I yearn for the good ol' days when a TV was a device under my control. It sat quietly in my home, doing nothing until I beckoned it to perform. And if it blared an annoying ad at me – why, I had the power of the remote to switch channels or hit the mute button.
I yearn for the good ol’ days when a TV was a device under my control. It sat quietly in my home, doing nothing until I beckoned it to perform. And if it blared an annoying ad at me – why, I had the power of the remote to switch channels or hit the mute button.
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Alas, the TV has now escaped from the home and positioned itself all over today’s society to assault us. It can be as annoying as it wants to be, and we have no remote, no mute, no power to turn it off. We’re confronted with screens in elevators, taxicabs, grocery carts, at gas pumps, in the checkout lines of stores – all jabbering at us to buy toilet cleanser and diet soda.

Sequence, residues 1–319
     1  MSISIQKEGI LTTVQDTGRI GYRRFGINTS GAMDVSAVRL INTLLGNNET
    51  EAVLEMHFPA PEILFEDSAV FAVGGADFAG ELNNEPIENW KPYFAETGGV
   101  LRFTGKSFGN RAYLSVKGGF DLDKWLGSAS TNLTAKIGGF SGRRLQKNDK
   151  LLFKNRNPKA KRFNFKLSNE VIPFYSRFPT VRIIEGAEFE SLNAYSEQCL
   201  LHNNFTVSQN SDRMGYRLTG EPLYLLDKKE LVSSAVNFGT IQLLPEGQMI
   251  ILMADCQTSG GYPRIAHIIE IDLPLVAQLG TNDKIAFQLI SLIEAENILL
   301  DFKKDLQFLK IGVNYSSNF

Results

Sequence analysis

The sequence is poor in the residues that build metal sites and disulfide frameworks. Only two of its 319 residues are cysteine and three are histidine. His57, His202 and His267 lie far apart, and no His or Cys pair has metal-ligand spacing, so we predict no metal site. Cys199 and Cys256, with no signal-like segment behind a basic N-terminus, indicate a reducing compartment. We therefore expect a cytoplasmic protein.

Digital TV networks are already wired into 20 percent of supermarkets and 11 percent of office buildings. Wal-Mart now has 125,000 screens in its stores and actually encourages advertisers to think of its stores as an advertising medium and its customers as viewers.
“It’s what we call 360 marketing,” says one advertiser, meaning that no matter where you turn, there’ll be an ad. There’s even a company that targets sick people, having put screens in nearly 11,000 doctor’s offices. “You reach a very targeted audience,” brags an executive with this outfit. “They’re just about to talk to their doctor, and it’s a very credible advertising environment,” she beams.
Appropriately, the corporations cluttering our environment with these screens have such names as Captivate and Monster Media. They’re planning to saturate every place with what they call out-of-home video ads.
"Two wrongs don't make a right, but three left turns do." --Jim Hightower